Invitation to a Public lecture by Professor Stuart Kirsch
This presentation examines how corporations strategically produce and deploy science. Building on critiques of tobacco industry sponsored science and the research practices of the pharmaceutical industry, it draws on long-term ethnography of the mining industry to argue that the problems associated with corporate science are intrinsic to contemporary capitalism rather than restricted to particular firms or industries.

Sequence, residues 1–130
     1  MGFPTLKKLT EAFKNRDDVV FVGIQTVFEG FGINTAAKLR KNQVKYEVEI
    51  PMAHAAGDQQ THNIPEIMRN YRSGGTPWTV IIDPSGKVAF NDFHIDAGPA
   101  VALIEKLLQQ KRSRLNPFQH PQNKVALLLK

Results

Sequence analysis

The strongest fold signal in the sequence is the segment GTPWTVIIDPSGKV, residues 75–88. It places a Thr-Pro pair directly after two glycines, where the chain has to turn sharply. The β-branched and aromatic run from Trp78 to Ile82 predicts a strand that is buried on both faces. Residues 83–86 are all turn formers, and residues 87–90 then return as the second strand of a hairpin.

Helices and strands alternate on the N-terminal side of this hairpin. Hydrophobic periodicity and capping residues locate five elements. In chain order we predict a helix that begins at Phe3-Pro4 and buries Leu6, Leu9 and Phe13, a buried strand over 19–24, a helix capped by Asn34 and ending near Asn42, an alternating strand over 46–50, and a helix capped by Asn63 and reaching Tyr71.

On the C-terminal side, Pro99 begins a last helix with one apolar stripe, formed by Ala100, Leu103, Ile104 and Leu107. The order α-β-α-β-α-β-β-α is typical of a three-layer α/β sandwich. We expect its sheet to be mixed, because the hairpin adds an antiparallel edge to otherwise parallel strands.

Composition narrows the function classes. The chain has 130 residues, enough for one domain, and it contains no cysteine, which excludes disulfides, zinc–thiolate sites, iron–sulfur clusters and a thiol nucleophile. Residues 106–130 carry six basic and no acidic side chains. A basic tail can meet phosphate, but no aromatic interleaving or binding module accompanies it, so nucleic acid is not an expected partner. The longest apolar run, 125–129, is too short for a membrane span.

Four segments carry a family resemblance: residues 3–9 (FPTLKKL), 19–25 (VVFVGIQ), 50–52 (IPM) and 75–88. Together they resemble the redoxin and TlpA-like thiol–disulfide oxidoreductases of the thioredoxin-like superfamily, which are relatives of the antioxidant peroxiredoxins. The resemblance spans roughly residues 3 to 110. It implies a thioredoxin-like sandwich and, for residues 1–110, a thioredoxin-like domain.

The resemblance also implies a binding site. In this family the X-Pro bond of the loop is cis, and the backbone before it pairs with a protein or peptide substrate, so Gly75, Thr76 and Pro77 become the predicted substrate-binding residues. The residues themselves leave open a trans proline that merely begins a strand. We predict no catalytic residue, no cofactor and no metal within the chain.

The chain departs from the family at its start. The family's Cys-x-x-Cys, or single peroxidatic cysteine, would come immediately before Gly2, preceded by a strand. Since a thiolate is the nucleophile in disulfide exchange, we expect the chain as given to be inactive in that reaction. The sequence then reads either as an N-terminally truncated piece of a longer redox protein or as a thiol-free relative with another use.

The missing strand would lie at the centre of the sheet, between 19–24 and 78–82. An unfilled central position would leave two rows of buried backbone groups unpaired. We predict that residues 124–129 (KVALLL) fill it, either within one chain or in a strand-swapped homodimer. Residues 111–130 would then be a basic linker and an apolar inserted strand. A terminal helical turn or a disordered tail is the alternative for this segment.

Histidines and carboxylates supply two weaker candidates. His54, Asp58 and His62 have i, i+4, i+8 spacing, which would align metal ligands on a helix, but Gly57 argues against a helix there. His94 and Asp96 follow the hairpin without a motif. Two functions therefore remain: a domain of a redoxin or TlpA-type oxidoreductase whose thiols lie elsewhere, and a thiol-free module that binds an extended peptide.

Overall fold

Stuart Kirsch is associate professor of anthropology at the University of Michigan. He is the author of Reverse Anthropology (Stanford, 2006) and the forthcoming Mining Capitalism (University of California, June 2014). He has carried out long-term ethnographic research with the Yonggom people who live on both sides of the border between Papua New Guinea and West Papua (Indonesia). He has also collaborated with the Yonggom and their neighbors in their long-running political campaign and legal efforts to limit the environmental impact of the Ok Tedi copper and gold mine. He has also consulted widely on indigenous rights and environmental issues, including compensation for damages caused by nuclear weapons testing in the Marshall Islands, conservation and development in the Lakekamu River Basin of Papua New Guinea, and mining and property rights in the Solomon Islands. Professor Kirsch received his Ph.D. in anthropology from the University of Pennsylvania in 1991 and taught for four years at Mount Holyoke College before joining the University of Michigan in 1995. Further information available at: http://derianga.wordpress.com